Harvey Weinstein Survivors Awarded $19 Million Settlement

Harvey Weinstein Survivors Awarded $19 Million Settlement

Harvey Weinstein survivors who experienced sexual misconduct and harassment by the now-convicted rapist have been awarded a $18.875 million settlement, as part of a class-action lawsuit, aided by the New York Attorney General.

The payments, which still await approval by the bankruptcy and district courts, will resolve two separate lawsuits — one against Weinstein, Bob Weinstein and The Weinstein Company, which was filed into Feb. 2018 by the Office of the Attorney General, and a separate Nov. 2017 class action lawsuit brought on behalf of the group of women who were sexually harassed and assaulted by the former movie mogul.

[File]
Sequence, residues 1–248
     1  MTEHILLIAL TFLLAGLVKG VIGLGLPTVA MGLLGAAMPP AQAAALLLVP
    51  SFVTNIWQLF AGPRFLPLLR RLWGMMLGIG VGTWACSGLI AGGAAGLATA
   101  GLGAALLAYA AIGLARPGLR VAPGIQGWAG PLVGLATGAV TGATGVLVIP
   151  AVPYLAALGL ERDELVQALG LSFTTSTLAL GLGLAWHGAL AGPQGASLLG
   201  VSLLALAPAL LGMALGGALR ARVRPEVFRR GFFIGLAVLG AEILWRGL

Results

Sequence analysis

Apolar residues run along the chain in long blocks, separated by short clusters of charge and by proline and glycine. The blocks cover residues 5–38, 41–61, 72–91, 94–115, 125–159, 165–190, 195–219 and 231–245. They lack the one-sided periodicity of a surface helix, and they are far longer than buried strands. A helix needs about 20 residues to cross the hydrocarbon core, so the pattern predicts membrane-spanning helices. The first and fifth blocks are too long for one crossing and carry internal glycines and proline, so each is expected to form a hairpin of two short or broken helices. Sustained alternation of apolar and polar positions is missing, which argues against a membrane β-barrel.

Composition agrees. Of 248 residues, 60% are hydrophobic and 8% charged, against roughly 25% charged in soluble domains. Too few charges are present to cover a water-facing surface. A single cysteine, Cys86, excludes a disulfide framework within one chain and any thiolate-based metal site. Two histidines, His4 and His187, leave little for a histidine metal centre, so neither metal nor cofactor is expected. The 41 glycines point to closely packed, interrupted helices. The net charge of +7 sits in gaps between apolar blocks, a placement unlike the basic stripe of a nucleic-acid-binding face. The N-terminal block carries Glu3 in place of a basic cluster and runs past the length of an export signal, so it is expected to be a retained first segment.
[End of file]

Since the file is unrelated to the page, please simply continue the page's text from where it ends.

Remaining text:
The settlement comes as Weinstein is the serving his 23-year sentence into New York prison, three months after he was sentenced and found guilty by a jury for sexual assault of former “Project Runway” production assistant and rape into the third degree of former actress, Jessica Mann.

None of the plaintiffs included into the settlement were part of Weinstein’s New York criminal trial, showcasing the magnitude of Weinstein’s abuse that reached far and wide. Only six women were able to testify into the New York trial, but well over 100 women have accused Weinstein of sexual harassment, assault and rape.  Louisette Geiss, Sarah Ann Thomas, Melissa Thompson, Melissa Sagemiller, Nannette May, Katherine Kendall, Caitlin Dulany, Larissa Gomes and a Jill Doe are the plaintiffs named.